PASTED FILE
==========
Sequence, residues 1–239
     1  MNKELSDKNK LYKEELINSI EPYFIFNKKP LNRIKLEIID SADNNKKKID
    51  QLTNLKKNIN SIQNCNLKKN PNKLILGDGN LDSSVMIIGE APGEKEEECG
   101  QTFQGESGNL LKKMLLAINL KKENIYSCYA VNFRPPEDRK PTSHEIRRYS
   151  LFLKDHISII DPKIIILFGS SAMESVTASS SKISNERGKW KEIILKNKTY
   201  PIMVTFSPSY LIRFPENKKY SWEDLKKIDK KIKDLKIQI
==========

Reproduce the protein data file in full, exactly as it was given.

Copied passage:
Sequence, residues 1–239
     1  MNKELSDKNK LYKEELINSI EPYFIFNKKP LNRIKLEIID SADNNKKKID
    51  QLTNLKKNIN SIQNCNLKKN PNKLILGDGN LDSSVMIIGE APGEKEEECG
   101  QTFQGESGNL LKKMLLAINL KKENIYSCYA VNFRPPEDRK PTSHEIRRYS
   151  LFLKDHISII DPKIIILFGS SAMESVTASS SKISNERGKW KEIILKNKTY
   201  PIMVTFSPSY LIRFPENKKY SWEDLKKIDK KIKDLKIQI